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Legislative Proposals Threaten Driver Safety

Posted On November 18, 2015

There are a number of legislative changes the US Congress is considering as the year comes to a close. Chicago truck accident attorneys reviewing these proposed changes are concerned they would create dangerous driving conditions for both truck drivers and the drivers of passenger vehicles whom share America’s increasingly congested roadways. Should these changes become law, there is every possibility that the number of truck involved accidents will skyrocket over the coming year.

The 2013 report compiled by the NHTSA showed that nearly 4,000 drivers are killed, and over 85,000 are seriously injured in collisions involving commercial trucks every year. This represents a 17% increase in fatalities, and a 28% increase in injuries since 2009. Even so, Congress is considering legislation that could cause these numbers to rise even higher. Many of these changes would loosen restrictions that were put in place to improve safety conditions throughout the industry.

Among the proposed changes are increasing the maximum weight of fully laden trucks from 80,000 lbs to 91,000 lbs. Such a dramatic increase would require considerably more stopping time for trucks. It could also lead to an increase in brake system failures when truck drivers faced with emergency situations apply pressure that is beyond their mechanical capability to stop the inertia created by the additional weight.

Congress is also considering giving states discretion to lower the minimum wage for interstate truck drivers from 21 to 18. This proposal is arising from a foreseen shortage of drivers within the the industry. Should this proposal be adopted, it would mean less experienced drivers would be driving big rigs; a fact that concern insurance industry professionals who cite statistics showing that drivers of much smaller and safer to operate passenger vehicles under the age of 21 are three times more likely to be involved in an accident.

Of even greater concern are proposals that would increase the amount of time drivers could be required to haul their load down the road. Under current law, drivers are required to take two consecutive evenings off following an 8-day period of driving up to 70 hours. This requirement would be eliminated under the new proposals. Existing regulations overseen by the Federal Motor Carrier Safety Administration allow drivers carrying goods to drive a maximum 11 hours per day following 10 consecutive hours off. The proposed changes would allow trucking companies to increase the maximum driving time up to 82 hours per the same 8-day period.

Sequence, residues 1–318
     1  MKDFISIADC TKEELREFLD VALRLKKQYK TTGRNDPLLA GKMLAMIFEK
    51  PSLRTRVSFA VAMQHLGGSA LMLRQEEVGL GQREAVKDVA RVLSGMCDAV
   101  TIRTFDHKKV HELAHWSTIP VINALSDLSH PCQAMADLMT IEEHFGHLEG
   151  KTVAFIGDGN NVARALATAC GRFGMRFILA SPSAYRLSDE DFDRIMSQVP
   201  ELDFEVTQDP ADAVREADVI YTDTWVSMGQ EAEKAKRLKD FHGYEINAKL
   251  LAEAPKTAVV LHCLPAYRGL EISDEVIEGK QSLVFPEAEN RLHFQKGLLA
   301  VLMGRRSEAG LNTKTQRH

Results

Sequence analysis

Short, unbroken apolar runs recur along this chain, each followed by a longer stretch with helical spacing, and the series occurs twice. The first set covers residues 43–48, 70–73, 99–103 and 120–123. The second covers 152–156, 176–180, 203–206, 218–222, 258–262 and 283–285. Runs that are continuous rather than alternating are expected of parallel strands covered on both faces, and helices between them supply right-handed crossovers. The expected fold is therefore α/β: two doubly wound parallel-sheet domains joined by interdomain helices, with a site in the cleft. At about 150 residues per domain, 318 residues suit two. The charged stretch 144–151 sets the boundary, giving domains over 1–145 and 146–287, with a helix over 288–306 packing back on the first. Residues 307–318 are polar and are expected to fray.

Combined, these proposed changes could create a situation where younger, exhausted, less experienced drivers would be carrying heavier loads on increasingly crowded highways. It’s a confluence of ill-conceived changes that will result in a sharp increase in the number of fatalities and injuries for both truck drivers and the drivers of passenger vehicles.

In addition to these proposals, Congress is also resisting efforts to raise the minimum insurance requirements for vehicle operators. Presently, semi trucks are required by law to carry $750,000 in liability coverage. However, most insurers won’t issue policies for less than $1 million in liability insurance coverage, Players within the truck driving industry argue that most truck involved accidents result in less than $750,000 in property damage or physical injury, and thus this minimum should be lowered and not raised.

Congress is also considering an extremely hazardous provision that would allow increases in the length of trailers. Currently, drivers may haul up to two 28-foot trailers at a time. The proposed change would increase this to two, 33-foot trailers. Such a move would mean longer trucks driving down roads and taking corners not designed for such long vehicles. Should this proposed change become law, it will make it hazardous for trucks to safely navigate roads once they leave the highway. This will lead to increases in both property damage and increase the risk of injury to other drivers and pedestrians who will find themselves “hidden” within sharply increased blind spots surrounding the vehicles.

Finally, trucking firms are pushing Congress to remove safety ratings from the internet. These are currently available for the public to view and research Should this proposal become law, it will make it more difficult for individuals to research the safety record of the companies they are doing business with. Such a move would put manufacturers, distributors, and even homeowners hiring moving companies at undue risk for loss of cargo. It would effectively increase their liability while removing their ability to choose companies whose track records show whether the companies they hire have a history of accidents.

Chicago truck accident attorneys are currently reviewing these proposed changes which are nestled within appropriations and authorizations bills being considered by both the House and Senate. Should these changes become law, they’ll create a dangerous confluence of established accident factors. These will make it more dangerous to operate big rigs in Illinois, and will increase the annual number of truck involved accidents throughout the country.

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